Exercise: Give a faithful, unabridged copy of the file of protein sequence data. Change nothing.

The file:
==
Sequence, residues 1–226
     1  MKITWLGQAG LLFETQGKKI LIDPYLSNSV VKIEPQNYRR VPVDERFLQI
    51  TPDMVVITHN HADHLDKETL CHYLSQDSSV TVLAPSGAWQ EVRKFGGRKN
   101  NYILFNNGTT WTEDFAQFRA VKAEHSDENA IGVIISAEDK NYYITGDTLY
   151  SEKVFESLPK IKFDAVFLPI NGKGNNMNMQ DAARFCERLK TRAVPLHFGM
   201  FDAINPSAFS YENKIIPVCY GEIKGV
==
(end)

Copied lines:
Sequence, residues 1–226
     1  MKITWLGQAG LLFETQGKKI LIDPYLSNSV VKIEPQNYRR VPVDERFLQI
    51  TPDMVVITHN HADHLDKETL CHYLSQDSSV TVLAPSGAWQ EVRKFGGRKN
   101  NYILFNNGTT WTEDFAQFRA VKAEHSDENA IGVIISAEDK NYYITGDTLY
   151  SEKVFESLPK IKFDAVFLPI NGKGNNMNMQ DAARFCERLK TRAVPLHFGM
   201  FDAINPSAFS YENKIIPVCY GEIKGV